Monday, December 17, 2007

Philsophically Speaking ...

From the classical guitarists newsgroup:

Keep this philosophy in mind the next time you hear, or are about
to repeat, a rumor.

In ancient Greece (469 - 399 BC), Socrates was widely lauded for
his wisdom. One day the great philosopher came upon an acquaintance who ran up to him excitedly and said, 'Socrates, do you know what I just heard about one of your students?'

'Wait a moment,' Socrates replied. 'Before you tell me, I'd like you to pass a little test. It's called the Test of Three.'

'Test of Three?'

'That's correct,' Socrates continued. 'Before you talk to me about my student, let's take a moment to test what you're going to say. The first test is Truth. Have you made absolutely sure that what you areabout to tell me is true?'

'No,' the man replied, 'actually I just heard about it.'

'All right,' said Socrates. 'So you don't really know if it's true or not. Now let's try the second test, the test of Goodness. Is what you are about to tell me about my student something good?'

'No, to the contrary ...'

'So,' Socrates continued, 'you want to tell me something bad about him even though you're not certain it's true?'

The man shrugged, a little embarrassed.

Socrates continued, 'You may still pass though because there is a third test, the filter of Usefulness. Is what you want to tell me about my student going to be useful to me?'

'No, not really.'

'Well,' concluded Socrates, 'if what you want to tell me is neither True nor Good nor even Useful, why tell it to me at all?'

The man was defeated and ashamed, and said no more. This is the reason Socrates was a great philosopher and held in such high esteem.

It also explains why Socrates never found out that Plato was banging his wife ...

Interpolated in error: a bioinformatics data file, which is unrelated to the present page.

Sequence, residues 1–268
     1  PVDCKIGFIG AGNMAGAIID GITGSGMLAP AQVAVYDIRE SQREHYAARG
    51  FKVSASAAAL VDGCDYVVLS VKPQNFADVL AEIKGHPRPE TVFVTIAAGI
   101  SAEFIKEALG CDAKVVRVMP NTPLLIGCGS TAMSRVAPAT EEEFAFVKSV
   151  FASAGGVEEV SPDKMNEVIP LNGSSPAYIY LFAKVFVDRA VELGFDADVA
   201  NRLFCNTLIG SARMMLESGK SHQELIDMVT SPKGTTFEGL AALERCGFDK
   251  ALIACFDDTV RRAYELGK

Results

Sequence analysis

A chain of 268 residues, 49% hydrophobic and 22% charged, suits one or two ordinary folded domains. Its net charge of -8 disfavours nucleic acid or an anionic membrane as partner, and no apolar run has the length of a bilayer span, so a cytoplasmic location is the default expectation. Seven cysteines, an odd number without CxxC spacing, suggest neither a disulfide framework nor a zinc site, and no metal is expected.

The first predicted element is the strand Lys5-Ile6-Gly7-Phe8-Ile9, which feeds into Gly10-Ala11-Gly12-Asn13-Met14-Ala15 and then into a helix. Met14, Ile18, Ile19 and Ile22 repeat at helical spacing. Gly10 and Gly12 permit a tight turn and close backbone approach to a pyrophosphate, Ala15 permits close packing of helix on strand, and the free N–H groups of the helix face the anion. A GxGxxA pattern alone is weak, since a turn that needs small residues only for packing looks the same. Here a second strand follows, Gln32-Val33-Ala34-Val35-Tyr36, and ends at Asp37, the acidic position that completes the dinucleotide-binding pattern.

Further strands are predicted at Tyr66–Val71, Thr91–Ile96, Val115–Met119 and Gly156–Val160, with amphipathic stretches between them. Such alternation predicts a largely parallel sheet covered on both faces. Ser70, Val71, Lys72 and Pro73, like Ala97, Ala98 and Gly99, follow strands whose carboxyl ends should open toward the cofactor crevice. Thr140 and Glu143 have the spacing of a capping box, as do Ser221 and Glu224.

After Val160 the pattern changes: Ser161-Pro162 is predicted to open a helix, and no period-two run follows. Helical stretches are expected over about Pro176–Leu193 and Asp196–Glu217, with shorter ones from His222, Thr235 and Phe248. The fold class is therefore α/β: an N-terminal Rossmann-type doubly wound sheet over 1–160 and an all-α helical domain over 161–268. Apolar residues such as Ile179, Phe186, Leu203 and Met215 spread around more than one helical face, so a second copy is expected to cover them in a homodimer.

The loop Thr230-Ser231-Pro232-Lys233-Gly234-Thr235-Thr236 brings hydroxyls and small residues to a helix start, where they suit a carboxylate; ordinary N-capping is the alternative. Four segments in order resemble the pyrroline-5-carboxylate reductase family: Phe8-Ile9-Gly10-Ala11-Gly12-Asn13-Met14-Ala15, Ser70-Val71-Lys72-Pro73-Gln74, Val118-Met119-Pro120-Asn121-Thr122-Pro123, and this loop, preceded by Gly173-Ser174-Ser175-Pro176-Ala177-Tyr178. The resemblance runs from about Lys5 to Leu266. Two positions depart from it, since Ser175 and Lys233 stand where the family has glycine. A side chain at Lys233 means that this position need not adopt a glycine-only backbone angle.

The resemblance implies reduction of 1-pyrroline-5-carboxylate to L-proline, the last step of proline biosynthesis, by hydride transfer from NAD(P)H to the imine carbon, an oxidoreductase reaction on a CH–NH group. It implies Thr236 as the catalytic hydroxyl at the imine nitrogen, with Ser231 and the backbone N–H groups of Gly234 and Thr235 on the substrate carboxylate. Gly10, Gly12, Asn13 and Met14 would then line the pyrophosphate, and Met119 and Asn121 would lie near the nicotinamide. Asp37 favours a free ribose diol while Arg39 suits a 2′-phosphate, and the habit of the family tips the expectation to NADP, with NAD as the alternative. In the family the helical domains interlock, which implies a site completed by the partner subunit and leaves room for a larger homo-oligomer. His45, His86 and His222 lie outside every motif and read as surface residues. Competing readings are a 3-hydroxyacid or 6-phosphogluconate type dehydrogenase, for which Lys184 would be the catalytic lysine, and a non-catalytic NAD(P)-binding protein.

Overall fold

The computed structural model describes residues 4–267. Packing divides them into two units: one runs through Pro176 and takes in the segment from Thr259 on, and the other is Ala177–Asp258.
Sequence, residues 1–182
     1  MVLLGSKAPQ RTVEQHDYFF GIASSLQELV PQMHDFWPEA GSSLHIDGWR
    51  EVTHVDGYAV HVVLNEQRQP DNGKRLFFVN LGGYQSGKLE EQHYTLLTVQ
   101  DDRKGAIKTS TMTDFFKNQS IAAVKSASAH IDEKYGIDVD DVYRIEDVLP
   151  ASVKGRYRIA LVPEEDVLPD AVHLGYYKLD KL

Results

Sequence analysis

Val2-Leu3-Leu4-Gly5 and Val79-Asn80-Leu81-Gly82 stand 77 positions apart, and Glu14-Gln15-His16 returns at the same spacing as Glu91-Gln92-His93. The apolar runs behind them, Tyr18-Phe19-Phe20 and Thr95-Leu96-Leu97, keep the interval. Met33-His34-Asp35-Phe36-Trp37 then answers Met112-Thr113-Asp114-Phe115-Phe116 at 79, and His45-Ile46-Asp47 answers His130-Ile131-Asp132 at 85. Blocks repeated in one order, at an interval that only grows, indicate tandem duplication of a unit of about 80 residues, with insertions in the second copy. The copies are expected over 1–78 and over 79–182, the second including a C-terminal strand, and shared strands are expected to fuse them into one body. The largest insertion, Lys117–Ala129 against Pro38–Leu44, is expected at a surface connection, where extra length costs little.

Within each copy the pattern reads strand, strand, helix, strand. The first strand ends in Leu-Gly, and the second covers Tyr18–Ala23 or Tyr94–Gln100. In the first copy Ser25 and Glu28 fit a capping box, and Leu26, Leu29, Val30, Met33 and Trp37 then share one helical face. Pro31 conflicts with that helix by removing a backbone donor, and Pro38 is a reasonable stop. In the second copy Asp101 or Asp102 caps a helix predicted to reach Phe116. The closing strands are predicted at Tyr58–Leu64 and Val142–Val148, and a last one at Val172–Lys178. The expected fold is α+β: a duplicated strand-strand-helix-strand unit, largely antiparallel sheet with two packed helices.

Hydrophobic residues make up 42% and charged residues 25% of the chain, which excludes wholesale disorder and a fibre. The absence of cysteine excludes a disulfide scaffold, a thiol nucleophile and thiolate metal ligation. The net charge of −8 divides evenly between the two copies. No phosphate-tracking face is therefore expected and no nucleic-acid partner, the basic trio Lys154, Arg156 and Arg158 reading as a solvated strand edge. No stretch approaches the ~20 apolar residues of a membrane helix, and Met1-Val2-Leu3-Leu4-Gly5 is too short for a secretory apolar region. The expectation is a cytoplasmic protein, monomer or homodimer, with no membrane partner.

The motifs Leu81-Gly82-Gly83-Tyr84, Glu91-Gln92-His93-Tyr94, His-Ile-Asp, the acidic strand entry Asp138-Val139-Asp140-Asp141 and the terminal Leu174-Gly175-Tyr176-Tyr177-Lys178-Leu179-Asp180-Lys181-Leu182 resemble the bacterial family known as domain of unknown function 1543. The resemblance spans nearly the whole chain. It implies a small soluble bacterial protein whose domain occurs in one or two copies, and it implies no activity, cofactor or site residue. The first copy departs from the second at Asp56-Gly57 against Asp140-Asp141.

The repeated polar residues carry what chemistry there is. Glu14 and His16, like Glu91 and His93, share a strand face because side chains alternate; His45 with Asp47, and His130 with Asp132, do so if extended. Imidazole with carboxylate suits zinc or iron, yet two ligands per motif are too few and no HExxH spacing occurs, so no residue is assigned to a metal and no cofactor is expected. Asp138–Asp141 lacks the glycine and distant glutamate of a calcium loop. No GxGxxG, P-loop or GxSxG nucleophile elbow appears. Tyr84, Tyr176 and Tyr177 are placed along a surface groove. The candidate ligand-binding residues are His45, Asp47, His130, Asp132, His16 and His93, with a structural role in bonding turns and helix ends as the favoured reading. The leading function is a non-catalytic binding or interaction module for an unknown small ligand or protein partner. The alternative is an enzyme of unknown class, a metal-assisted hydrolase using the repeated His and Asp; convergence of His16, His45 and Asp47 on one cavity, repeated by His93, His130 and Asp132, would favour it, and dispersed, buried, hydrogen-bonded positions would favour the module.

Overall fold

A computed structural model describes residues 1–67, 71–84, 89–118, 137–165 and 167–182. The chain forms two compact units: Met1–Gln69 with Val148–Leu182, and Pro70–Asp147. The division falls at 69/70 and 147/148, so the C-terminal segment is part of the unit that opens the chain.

Bobbe Edmonds said...

I love that story, to this day it always makes me laugh! The test of three is great advice in any case.

Of course, it's just a rumor that Xanthippe slept with Plato (among others) but I like to think that she didn't. If she was THAT difficult to get along with, she wouldn't be attractive to a Greek man who could have a young boy that didn't talk.

A woman who beat the ORIGINAL Old Man at his own game? Worth her weight in gold, you ask me. Everyone calls her a harpie, but outspoken, uppity women are always looked upon with disdain. I'll bet you anything she was at least half the reason Socrates was so wise.

Steve Perry said...

The Buddhist version of the three is: 1) Is it true? 2) Is it kind? and 3) Is it necessary?

I'm usually happy if I can get two out of three.

Dan Gambiera said...

With an overbearing husband like Socrates who talked down to everyone I'd be surprised if she didn't go elsewhere. Or poison him years ago.

redcode said...

Personally, I think the third test - whether it was useful - was answered incorrectly. Knowing your wife was cheating on you is quite a bit of useful information. It is worth, at least, the beginning of an investigation into whether it's true or not. I'm just sayin' is all...

redcode said...

In reality, the third test was answered inaccurately. It would be a useful piece of information indeed to discover that my wife was cheating on me. It would at least be enough to start an investigation into the truthfulness of it.